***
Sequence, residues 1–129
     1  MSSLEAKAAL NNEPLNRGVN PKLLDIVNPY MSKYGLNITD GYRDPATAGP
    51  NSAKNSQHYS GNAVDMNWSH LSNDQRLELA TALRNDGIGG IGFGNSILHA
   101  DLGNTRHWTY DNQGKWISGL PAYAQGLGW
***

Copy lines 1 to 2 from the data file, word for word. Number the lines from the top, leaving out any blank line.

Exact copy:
Sequence, residues 1–129
     1  MSSLEAKAAL NNEPLNRGVN PKLLDIVNPY MSKYGLNITD GYRDPATAGP